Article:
What was the most enjoyable thing about making this film? The biggest, most time-consuming part was the post-production, but it was really enjoyable. It took me about a year to edit it, in collaboration with (Reel Chicago Staff Writer / Cinematographer) Joey Filer. When I work on these sequences and put images together with the music and sound effects and experiment a little bit, and then there’s that moment that clicks and a light goes on and you realize this is the direction we’re going to go and you get the tingles, that was the most enjoyable part. When that spark happened.

Risto Rasa

How did you select the music? I got the music from three or four different sources. My friend Cole Johnson is a Chicago musician in Pilsen. I asked him if I could use a song or two and he gave me free reign of his music library. His music is lo-fi, atmospheric, and nostalgic, and the whole film has a big nostalgic feel. I also pulled some music from an artist called lower case noises. I probably went through like 30 or 40 songs to figure out which ones would fit.

What happens to Rasa’s poems when they are translated? Translation is a huge verb. It’s a big thing going on in this film and it’s happening on different levels. The first is that we’re translating the original poems from Finnish to English. The second is that we’re translating from English to film. It’s kind of like going from one to two to three. I’m presenting the Finnish, the English, and the video. It’s basically not the same poem. It takes on a whole new form, a whole new life. Even if you don’t translate a poem, it can mean many different things to many different people. It’s kind of like a tree, there’s a trunk with all these different branches.

What is the Finnish language like? Finnish language is very staccato. The words are very long. They have these really long words that mean things that we really don’t have in English. Sielunmaisema means the soul’s landscape, something that hits you in the center of your chest, something that you always carry with you, something that reminds you immediately of home. That is how my translator Ida Mantere described it to me. It kind of felt like I was in a fantasy fairy tale land in Finland. The people are very humble and they’re very good listeners.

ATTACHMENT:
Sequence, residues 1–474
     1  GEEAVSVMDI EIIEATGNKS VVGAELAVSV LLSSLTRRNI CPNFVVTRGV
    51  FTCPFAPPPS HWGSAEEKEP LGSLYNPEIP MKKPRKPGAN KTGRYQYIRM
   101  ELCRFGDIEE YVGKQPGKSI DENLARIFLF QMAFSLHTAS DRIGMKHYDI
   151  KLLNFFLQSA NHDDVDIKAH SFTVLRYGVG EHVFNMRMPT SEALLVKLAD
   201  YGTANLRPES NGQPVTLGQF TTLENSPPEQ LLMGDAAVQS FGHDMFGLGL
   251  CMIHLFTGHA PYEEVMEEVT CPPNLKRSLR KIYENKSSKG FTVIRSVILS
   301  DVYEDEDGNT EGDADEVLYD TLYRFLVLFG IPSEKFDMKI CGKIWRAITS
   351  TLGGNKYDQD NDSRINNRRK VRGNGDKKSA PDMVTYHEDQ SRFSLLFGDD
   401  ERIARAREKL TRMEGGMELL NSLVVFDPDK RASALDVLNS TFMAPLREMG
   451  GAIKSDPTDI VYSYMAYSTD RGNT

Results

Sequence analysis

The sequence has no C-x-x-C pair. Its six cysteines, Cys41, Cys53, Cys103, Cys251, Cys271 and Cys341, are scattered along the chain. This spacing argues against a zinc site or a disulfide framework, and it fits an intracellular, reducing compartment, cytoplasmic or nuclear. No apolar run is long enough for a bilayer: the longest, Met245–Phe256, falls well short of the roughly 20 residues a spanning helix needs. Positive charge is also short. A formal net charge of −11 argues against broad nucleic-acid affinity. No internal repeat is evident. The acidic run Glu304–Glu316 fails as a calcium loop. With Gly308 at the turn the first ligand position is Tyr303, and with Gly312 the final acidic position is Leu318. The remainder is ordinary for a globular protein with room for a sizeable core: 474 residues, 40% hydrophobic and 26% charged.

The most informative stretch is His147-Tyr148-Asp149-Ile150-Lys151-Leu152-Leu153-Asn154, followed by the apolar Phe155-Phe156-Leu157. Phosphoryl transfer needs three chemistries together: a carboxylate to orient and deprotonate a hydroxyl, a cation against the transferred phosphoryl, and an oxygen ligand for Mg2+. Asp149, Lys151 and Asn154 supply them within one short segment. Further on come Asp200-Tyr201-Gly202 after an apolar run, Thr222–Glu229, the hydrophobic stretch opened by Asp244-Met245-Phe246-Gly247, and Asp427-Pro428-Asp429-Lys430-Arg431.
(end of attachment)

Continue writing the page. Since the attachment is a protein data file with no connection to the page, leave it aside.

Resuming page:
What can you to tell me about the cast, crew, writers, and gear? I shot it all on a Canon D Mark III. I brought two or three lenses, a wireless lovelier, and a shotgun mic. I edited in Premiere and After Effects. Joey Filer is the producer and he was probably the biggest hand in this film besides me. And my Aunt Jodie Burke helped by creating one of the two-minute vignettes.

What is your quick bio? I got interested in film as a ten- or eleven-year-old. I got a camcorder and I would mess around with it all the time, shooting things with my friends and creating things out of nothing. I got into television production in high school in suburban Minneapolis, and I was anchor for the Friday news program. I had a teacher who worked on Charmed. I went to Loyola University and studied communications and film. I leaned more towards docs than narrative shorts. I became a huge David Lynch fan, and took what I was good at and started experimenting and messing around with software and effects. Thesis project was “You Are Not Machines,” a five-minute short based on a Charlie Chaplin speech. In Chicago, I worked at a small marketing video boutique agency called Ensemble Media in Uptown. They make videos for museums and non-profits. They’re awesome. Now, I’m a video storyteller at 3M. Making a doc series about scientists right now. It’s a really awesome gig.

For more information and tickets to the April 20th screening at 3:30 pm, click here.

Send your indie film updates to Reel Chicago Editor Dan Patton, dan@reelchicago.com.